Tuesday, June 16, 2009

She’s Gonna Be A Rockstar

Ok, or maybe she'll be a chunky thigh model.

It is natural to wonder what our children will become when they grow up. We nurture them. We provide them with early intervention. We send them to school (or educate them at home.) We teach and train them. We love and adore them. We like to imagine the possibilities. We hope for the best.

And, cough it up moms, we worry for them. I can’t tell you not to, but we both know it doesn’t do us any good. Our children will be fine. Our children will be artists, companions, public speakers, photographers, actors, mailroom clerks, musicians, cashiers, etcetera, etcetera, etcetera.

To give you a glimpse of the future, I’d like to highlight some talented people who are already grown up.

Michael Jurogue Johnson—Artist
Michael is a painter and illustrator. He works with watercolors, acrylics, and oils. Michael’s work is both expressive and lovely. On his website you can purchase original paintings, posters, note cards, or even commission a painting of your child inspired from a photo you provide. If you haven’t seen Michael’s work before, go visit his site. You will be impressed.

Karen Gaffney—Public Speaker, Advocate, Foundation President
Karen’s website describes her as dedicated to championing the journey to full inclusion for people with Down Syndrome and other disabilities. Karen will be speaking at this year’s National Down Syndrome Congress Convention as well as presenting at the World Down Syndrome Congress in Dublin, Ireland. She is also an olympic swimmer and has completed a relay swim across the English Channel. Wow.

Sujeet Desai—Musician
Sujeet is a musician (accomplished with six different instruments) who performs solo across the United States and the world. He is the winner of eight national and international awards. He will be appearing at this year’s World Down Syndrome Congress in Dublin, Ireland. He is one busy guy playing his music weekly throughout his local community, working in a library, practicing martial arts, and hanging out with his wife, Carrie (who is also a public speaker.)

I chose to give some detail about these three in particular because they are masters of skills I will never possess. I am “typical” but I will never be able to paint like Michael, swim (or open my mouth in public) like Karen, or play music like Sujeet. These are gifted individuals.

And you know what? Your child with Down syndrome is also gifted. Your role is to provide opportunity, to make room for that gift to grow. Someday your little Bob the Builder (ok, in this instance it's Brian the Builder) is going to grow up and contribute to the world around him in ways you can’t even guess today.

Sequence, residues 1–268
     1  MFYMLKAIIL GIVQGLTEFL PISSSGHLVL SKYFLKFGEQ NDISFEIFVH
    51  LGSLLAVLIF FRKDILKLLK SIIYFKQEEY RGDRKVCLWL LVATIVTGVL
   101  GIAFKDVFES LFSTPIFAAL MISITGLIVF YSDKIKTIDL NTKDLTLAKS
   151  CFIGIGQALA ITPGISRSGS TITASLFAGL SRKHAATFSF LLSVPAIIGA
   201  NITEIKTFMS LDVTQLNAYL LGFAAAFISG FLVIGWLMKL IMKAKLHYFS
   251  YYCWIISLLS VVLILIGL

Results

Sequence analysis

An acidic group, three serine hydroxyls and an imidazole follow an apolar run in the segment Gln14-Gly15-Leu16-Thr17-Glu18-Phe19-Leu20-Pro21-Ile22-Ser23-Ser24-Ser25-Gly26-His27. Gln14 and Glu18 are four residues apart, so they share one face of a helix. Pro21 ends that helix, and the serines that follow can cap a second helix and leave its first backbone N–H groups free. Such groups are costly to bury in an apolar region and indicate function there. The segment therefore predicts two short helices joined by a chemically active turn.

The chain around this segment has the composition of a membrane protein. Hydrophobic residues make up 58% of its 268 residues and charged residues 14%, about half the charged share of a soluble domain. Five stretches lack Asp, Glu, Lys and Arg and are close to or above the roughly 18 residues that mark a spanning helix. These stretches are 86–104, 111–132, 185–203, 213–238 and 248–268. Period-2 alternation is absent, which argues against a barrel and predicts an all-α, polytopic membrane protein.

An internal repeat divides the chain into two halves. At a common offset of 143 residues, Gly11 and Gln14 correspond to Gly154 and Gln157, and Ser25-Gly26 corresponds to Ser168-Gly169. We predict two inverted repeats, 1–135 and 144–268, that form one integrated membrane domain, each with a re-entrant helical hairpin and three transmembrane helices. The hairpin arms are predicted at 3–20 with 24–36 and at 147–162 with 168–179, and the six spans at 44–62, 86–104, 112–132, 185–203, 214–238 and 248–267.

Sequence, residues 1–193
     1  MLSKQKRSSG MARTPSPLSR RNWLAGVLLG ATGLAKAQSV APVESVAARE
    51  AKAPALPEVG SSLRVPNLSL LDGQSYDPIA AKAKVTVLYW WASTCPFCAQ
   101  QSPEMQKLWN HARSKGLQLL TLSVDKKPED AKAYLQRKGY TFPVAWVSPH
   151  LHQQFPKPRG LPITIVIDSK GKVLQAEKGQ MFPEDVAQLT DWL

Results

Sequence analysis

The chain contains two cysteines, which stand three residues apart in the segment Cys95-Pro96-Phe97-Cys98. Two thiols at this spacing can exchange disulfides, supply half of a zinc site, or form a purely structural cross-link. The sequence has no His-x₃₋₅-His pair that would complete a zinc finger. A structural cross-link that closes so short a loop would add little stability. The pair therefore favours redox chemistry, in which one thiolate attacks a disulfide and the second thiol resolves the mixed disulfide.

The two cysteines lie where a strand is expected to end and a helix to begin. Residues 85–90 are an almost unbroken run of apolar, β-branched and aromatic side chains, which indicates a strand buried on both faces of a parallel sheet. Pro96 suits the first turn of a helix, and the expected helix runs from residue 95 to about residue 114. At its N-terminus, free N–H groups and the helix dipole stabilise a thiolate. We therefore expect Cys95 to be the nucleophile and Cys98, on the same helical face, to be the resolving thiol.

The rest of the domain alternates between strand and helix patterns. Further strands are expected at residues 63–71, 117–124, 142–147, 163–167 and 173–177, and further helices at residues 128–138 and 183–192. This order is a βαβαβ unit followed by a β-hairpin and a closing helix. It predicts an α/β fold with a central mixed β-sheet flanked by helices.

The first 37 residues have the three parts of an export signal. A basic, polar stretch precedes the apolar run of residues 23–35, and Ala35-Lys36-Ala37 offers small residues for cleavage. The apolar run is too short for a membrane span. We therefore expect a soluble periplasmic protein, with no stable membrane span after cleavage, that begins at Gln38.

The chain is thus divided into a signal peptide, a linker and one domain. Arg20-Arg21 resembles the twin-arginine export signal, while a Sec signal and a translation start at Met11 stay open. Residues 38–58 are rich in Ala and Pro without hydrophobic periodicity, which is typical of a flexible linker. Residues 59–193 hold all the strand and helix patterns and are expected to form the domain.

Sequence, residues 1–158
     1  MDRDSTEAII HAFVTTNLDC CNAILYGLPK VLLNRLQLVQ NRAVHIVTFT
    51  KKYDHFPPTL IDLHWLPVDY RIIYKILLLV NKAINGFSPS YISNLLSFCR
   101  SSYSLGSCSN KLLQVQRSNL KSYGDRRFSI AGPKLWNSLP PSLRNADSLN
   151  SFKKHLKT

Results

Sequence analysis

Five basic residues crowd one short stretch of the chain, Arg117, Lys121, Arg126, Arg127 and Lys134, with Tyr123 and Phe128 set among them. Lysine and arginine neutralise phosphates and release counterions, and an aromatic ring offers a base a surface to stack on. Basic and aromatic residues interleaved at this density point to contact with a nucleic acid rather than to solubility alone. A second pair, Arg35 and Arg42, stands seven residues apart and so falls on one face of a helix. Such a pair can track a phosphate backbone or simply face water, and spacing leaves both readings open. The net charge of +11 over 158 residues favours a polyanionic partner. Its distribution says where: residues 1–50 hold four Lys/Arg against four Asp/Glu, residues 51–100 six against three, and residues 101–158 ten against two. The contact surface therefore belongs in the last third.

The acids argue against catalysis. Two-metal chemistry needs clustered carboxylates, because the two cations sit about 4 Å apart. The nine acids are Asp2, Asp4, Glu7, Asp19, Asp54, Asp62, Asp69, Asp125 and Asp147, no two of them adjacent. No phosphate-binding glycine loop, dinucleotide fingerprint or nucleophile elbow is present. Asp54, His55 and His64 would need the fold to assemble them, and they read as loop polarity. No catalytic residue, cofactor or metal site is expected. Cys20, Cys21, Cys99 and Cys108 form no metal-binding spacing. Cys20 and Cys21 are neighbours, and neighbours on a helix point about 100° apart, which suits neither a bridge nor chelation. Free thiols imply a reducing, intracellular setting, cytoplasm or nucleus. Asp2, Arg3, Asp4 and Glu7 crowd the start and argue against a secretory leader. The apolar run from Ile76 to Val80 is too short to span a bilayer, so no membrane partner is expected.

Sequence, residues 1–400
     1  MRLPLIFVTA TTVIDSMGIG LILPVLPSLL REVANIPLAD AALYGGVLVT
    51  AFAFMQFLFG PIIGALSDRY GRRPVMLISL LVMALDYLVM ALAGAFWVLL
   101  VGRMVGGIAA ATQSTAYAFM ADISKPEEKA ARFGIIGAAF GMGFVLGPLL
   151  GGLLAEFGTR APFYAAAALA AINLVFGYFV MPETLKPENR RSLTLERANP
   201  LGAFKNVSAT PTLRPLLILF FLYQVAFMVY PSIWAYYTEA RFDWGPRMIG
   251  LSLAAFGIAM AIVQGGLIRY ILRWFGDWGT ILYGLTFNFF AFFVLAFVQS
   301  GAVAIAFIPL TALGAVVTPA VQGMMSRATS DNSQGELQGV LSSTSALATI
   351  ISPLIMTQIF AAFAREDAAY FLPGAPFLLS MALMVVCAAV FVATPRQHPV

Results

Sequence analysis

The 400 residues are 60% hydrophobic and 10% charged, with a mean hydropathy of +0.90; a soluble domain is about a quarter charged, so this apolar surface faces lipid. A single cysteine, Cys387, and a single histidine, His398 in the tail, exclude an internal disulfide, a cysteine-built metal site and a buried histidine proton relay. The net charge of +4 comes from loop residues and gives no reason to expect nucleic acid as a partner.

All photos used with permission.


  1. Great post. There truly is no limit to what they can achieve. I have a refrigerator magnet with Brian and Michael on it. The words say,

    "BELIEVE. No one can know the limits of another!"

    (and another post idea is born!)

  2. oh, love this post! love your Rock Start photo too, she is too cute!

  3. I believe that Nathan is already soaring in ways I never imagined. He is changing the world one heart at a time. It began the day he was born ~ he changed me. Thanks for this post! See you Friday?

  4. haha, I love those big chunky thighs! It might become a profession someday, who knows. ;-)

    Thanks for all those great stories! Very encouraging.

  5. I have a blog award for you on my blog :-)

  6. Your post is lovely and inspiring. I enjoyed reading through your blog.

    Thanks for visiting me at my blog.

    Rock on, baby! Your daughter is beautiful.


  7. Our kids can acheive a lot. And they are personalities in their own right. However, I just want to add that there ARE days that you will be hit (like a brick wall) with the knowledge that there are some things that your child either can not do, or the persuit of that goal is detrimental to his over-all well-being. (For example, if he studies 18 hours out of 24 to acheive XYZ, he woun't have time for exercise, social time, etc.) For further notes on this, see:

    I am the mother of a 14 year-old girl who has DS. In general I am pretty positive (the last week and a half have been a bit rough, don't judge me on the last 2 weeks of post alone....), but not "Pollyanna".

  8. I think this is one of my favorite posts of the day! You are so right and you hit the nail on the head (which I'm sure Brian can do MUCH better than I can!!)

  9. What a great post and beautiful children ...

    Thanks for sharing,


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